Faith's Blog

Ch. 5: System Traps… and Opportunities

Posted on: September 14, 2010

Traps could be defined as problematic behavior of systems resulting from “surprising” system structures, such as delays, nonlinearities and a lack of firm boundaries.  Meadows calls these problematic system structures “archetypes.” Some of the traps, or behaviors, that arise from these system structures include: addiction, drift to low performance, escalation, gaining an advantage in a system and moving the system stock in his direction, trying to overpower policy resistence, the tragedy of the commons, competitive exclusion (success to the successful), rule beating, and finally, seeking the wrong goal. Meadows not only describes these traps, but she also offers ways out. Though this chapter focused on the problematic structures of systems, a negative, though necessary, topic, Meadows offered hopeful alternatives.  For instance, rule beating, which Meadows described as “abiding by the letter, but not the spirit of the law,” or acting against the intent of the rules, could be evaded by the design, or redesign, (of)  rules to release creativity not in the direction of beating the rules, but in the direction of achieving the purpose of the rules” (137). For the trap “seeking the wrong goal,” Meadows suggested, “Specify indicators and goals that reflect the real welfare of the system” (140).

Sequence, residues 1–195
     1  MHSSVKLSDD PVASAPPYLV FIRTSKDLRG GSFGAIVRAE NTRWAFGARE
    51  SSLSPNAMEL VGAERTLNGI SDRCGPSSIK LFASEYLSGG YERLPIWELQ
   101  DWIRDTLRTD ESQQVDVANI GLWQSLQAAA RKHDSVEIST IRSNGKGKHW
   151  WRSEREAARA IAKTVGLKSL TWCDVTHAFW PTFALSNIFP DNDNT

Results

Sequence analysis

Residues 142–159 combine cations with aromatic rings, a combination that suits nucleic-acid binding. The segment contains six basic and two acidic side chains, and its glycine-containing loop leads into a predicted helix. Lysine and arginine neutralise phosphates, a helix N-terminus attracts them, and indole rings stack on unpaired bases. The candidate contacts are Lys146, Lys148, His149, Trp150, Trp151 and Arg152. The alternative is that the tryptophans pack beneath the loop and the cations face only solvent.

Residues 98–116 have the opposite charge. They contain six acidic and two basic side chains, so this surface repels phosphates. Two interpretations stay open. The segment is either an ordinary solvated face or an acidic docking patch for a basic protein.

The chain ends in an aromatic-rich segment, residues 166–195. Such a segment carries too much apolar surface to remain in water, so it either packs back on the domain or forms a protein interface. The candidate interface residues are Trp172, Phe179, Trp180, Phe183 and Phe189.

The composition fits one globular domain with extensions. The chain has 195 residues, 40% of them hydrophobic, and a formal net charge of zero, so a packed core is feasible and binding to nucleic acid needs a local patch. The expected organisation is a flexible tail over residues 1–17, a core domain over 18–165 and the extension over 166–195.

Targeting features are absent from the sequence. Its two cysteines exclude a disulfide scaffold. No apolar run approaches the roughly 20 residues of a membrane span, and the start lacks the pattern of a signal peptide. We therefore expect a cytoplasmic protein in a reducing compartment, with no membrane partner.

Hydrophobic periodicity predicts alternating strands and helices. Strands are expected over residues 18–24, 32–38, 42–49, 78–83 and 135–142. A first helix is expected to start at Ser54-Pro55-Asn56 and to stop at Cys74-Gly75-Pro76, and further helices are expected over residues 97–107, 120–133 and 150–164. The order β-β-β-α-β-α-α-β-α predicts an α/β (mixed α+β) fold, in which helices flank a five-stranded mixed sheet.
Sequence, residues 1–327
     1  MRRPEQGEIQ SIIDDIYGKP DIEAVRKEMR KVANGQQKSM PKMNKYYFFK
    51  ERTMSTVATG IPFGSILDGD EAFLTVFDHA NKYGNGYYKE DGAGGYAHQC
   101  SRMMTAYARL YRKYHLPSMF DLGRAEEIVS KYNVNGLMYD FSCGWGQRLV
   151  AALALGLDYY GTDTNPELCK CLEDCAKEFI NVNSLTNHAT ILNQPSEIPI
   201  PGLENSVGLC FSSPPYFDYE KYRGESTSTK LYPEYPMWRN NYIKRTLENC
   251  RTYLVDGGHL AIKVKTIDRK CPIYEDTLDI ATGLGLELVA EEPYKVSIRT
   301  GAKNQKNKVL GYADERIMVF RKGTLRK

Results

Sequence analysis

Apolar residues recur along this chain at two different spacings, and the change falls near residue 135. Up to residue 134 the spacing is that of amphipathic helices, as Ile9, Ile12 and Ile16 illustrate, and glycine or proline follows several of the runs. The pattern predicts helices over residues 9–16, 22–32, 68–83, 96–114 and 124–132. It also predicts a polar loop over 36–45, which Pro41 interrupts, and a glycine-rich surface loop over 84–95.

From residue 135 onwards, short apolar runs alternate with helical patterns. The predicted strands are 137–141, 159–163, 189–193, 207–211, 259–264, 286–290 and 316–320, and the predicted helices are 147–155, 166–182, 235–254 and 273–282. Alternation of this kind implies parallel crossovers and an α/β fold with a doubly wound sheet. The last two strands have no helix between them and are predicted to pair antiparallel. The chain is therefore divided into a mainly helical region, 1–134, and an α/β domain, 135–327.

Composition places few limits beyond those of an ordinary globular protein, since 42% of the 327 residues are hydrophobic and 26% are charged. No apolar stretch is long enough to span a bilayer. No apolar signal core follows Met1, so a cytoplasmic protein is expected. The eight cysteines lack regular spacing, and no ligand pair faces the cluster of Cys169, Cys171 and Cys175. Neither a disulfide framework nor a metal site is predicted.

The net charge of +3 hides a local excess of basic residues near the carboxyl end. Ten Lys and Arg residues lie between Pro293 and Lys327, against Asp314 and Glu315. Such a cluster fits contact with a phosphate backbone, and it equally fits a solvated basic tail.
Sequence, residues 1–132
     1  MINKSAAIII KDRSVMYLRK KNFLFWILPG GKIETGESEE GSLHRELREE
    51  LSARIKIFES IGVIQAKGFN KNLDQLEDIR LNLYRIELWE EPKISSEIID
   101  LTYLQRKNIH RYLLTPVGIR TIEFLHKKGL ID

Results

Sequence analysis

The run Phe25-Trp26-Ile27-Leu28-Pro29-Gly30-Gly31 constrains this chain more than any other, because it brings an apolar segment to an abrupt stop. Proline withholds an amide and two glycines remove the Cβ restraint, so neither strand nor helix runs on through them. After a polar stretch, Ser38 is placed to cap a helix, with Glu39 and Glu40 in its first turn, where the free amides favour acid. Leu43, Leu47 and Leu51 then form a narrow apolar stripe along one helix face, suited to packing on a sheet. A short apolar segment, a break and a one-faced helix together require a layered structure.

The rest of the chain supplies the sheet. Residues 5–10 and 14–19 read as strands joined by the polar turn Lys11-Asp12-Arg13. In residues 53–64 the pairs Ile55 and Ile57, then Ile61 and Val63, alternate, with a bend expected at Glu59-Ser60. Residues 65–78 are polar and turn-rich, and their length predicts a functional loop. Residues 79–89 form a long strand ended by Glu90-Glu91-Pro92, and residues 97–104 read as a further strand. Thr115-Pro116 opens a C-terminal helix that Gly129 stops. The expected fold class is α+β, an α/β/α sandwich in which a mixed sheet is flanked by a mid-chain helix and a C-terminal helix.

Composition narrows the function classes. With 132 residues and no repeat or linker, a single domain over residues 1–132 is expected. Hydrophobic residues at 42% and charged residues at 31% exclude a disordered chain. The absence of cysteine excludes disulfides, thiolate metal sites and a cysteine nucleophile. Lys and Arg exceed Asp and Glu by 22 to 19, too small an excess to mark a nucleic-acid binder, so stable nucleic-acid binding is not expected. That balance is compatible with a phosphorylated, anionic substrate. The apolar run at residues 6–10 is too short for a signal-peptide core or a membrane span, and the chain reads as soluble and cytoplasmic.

Though these examples of ways out seem pretty straightforward, Meadows offered a couple examples that I didn’t quite understand. One is the tragedy of the commons, where “each…is locked into a system that compels him to increase his herd without limit—in a world that is limited” which ultimately leads to ruin. Meadows offers three ways to avoid the tragedy of the commons: 1. educate and exhort, 2. privatize the commons, and 3. regulate the commons.  What I wonder about is that fact that Meadows claims privatizing the commons wouldn’t work, so instead, the only option is “mutual coercion mutually agreed upon” (120). When would such an idyllic compromise take place? It’s difficult to believe, and thus, I don’t know if it’s fair that Meadows offers it as a solution.

And finally, I don’t really understand the trap “Addiction,” which meadows describes as “Shifting the burden to an intervenor.” What exactly does it mean that “addiction is painful” (134)? Painful because it’s difficult to break out of? Meadows says that the best way out is to avoid getting in, but how exactly do you “get in”? How do you start to go down that path and how does it snowball into addiction?

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